Res judicata based on claim preclusion gives this court little pause because the Barnstable Case and the present matter involve different causes of action. The Barnstable Case concerned the buildability of Lot 14 and the present matter concerns the buildability of Lot 19. Issue preclusion, however, warrants further discussion. The identity of the parties is straightforward: The plaintiffs in the Barnstable Case were Plaintiff's parents, and the defendant was the Board. Defs.' App., Ex. Z. Not only does Plaintiff share a familial connection with the Barnstable Case plaintiffs, but Plaintiff is also their successor in title to Lot 19. As successor in interest to Elizabeth Sr. (who conveyed Lot 19 to Stevens, and Stevens, to Plaintiff), Plaintiff is in privity with the Barnstable Case plaintiffs for the purpose of determining if the Barnstable Case has preclusive effect on this case. See O'Donoghue v. Commonwealth, 93 Mass. App. Ct. 156 , 161- 162 (2018); Dombrowski v. Murphy, 26 LCR 218 , 220 (2018) (Misc. Case No. 17 MISC 000665) (Speicher, J.).

The remaining two issues are less clear, however. There is some case law to suggest that a stipulation of dismissal is not a "final judgment on the merits" for issue preclusion. See, e.g., Jarosz, supra, at 535-536; Department of Revenue v. Ryan, 62 Mass. App. Ct. 380 , 382-383 (20014). However, even if there were finality, there is no sufficient identity of the issues for preclusive effect in this case. As noted above, the issue must not only have been identical in both actions, but it also must have been actually litigated and essential to the judgment of the prior case.

Here, the lot at issue in the prior action (Lot 14) has frontage on Lighthouse Lane, not Harbor Way. Indeed, it does not even touch Harbor Way. That Lot 20 abuts Harbor Way (as well as Lighthouse Lane) could not logically have been "essential"—or even relevant—to either Appeal #05-47 or the subsequent Barnstable Case. Rather, the simple mention of Harbor Way in Appeal #05-47 was extraneous to the determination of merger in those cases. A conclusion that Lots 14 and 20 had merged was not grounded in the status of Harbor Way, but rather in their shared lengthy, contiguous boundary. As a result, there is no identity of the issues between the two actions. [Note 6] Plaintiff is not bound by the offhanded statement in Appeal #05-47 that Harbor Way is not a "street,"; neither Appeal #05-47 nor the Barnstable Case has a preclusive effect on the present matter.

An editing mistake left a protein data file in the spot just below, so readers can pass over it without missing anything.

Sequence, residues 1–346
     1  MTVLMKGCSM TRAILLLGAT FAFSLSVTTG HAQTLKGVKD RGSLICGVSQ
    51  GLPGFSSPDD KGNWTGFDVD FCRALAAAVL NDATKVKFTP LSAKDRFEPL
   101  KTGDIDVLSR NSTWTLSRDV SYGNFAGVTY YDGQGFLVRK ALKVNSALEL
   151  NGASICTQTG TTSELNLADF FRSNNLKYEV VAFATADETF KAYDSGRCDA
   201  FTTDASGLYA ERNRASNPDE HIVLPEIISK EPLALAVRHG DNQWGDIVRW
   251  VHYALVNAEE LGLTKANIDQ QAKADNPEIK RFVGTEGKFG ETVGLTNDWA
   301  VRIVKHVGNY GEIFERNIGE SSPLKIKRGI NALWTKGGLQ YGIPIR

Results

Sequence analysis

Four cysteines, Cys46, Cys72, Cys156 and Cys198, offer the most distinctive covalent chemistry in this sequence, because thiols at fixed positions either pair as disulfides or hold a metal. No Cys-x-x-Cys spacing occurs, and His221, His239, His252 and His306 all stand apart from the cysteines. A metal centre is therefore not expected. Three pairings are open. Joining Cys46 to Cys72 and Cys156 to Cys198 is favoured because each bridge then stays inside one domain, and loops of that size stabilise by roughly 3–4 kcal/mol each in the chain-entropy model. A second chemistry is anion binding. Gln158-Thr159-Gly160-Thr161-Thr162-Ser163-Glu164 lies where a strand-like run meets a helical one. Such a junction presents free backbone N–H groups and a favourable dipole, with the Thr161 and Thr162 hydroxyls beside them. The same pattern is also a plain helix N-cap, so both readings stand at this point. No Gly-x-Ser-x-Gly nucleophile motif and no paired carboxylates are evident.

For the reasons articulated above, Plaintiff's Motion for Summary Judgment is ALLOWED. Judgment shall enter annulling the Decision and remanding the matter to the Town of Bourne Zoning Board of Appeals for further proceedings consistent with this Decision.

exhibit 1

Decision Sketch


[Note 1] A decision sketch based on the Flanagan Subdivision Plan and the Assessor's Map is attached to this Decision showing the lots discussed and Harbor Way, as well as the broader Flanagan Subdivision community.

[Note 2] On September 9, 2003, Elizabeth Sr. conveyed a parcel of land that included Lots 19, 20, and other areas to Stevens by quitclaim deed, which was recorded at Book 17933, Page 320. Pls.' App., Ex. G. On December 29, 2004, Stevens conveyed Lot 20 to Elizabeth Sr. by quitclaim deed, which was recorded on February 11, 2005, at Book 19522, Page 171. Pls.' App., Ex. H. On May 9, 2008, Elizabeth Sr. conveyed Lot 20 to Stevens by quitclaim deed recorded at Book 22904, Page 99. Pls.' App., Ex. I. Stevens still owns Lot 20. The Board contends that Stevens has also maintained control over Lot 19 through her sister, despite the September 13, 2005 conveyance.

[Note 3] The Decision also identified several other issues regarding Plaintiff's proposed project, specifically whether the proposed house conformed to flood zone requirements and exceeded the gross floor area for the lot. Those issues were not raised by the parties in their filings and are not considered by the court. There is some indication in the record that those issues may have been resolved.

[Note 4] As further support for denying Plaintiff's building permit application, the Board concluded that even if they have not merged, Lots 19 and 20 are in common ownership and control for the purposes of G. L. c. 40A, § 6. Although these lots are nominally in separate ownership—with Plaintiff owning Lot 19 and Stevens, Lot 20—the Board concluded the lots were actually in common ownership and control because Plaintiff is acting either on behalf of or in concert with Stevens. Plaintiff, however, denies common ownership and control. While it is undisputed that Lots 19 and 20 were jointly owned by Plaintiff's grandfather between 1948 and 1986, and maintained in common ownership until 2005, Plaintiff disputes that she has acted in concert with or at the behest of her sister. I need not resolve this squabble because I conclude the existence of Harbor Way precludes merger of Lot 19 and 20 as "adjoining land," and Lot 19 is entitled to the grandfathering protections of Chapter 40A, § 6, regardless of common ownership.

[Note 5] The Stipulation of Dismissal was, however, provided as part of the summary judgment record. This Stipulation is "with prejudice, without costs, and all rights of appeal waived." Defs.' App. of Ex. in Supp. of Their Opp'n to Pl.'s Mot. Summ. J. ("Defs.' App."), Ex. Z; Donovan vs. Bourne Zoning Board of Appeals, Super. Ct., No. BACV2006- 00123-1 (Sept. 11, 2006).

[Note 6] Given the stipulation of dismissal, it also appears unlikely that the issue was actually litigated in the prior case. See Jarosz, supra, at 531 ("The appropriate question [for whether the issue was actually litigated] is whether the issue was 'subject to an adversary presentation and consequent judgment that was not a product of the parties' consent . . . .'"), quoting Keystone Shipping Co. v. New England Power Co., 109 F.3d 46, 52 (1st Cir. 1997) (internal quotations omitted). In any event, this determination is not essential to the outcome because the issue was not essential to the outcome.